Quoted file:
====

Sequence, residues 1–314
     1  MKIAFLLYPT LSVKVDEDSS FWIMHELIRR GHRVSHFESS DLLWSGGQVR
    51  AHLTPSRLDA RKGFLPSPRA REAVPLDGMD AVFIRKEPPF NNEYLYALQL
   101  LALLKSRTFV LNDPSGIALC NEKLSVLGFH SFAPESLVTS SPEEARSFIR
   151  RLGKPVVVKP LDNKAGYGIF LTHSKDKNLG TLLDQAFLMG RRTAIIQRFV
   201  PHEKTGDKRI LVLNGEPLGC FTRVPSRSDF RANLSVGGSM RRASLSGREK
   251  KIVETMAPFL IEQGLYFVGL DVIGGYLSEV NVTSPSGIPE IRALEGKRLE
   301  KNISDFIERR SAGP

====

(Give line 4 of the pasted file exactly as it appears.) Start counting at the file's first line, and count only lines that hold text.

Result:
   101  LALLKSRTFV LNDPSGIALC NEKLSVLGFH SFAPESLVTS SPEEARSFIR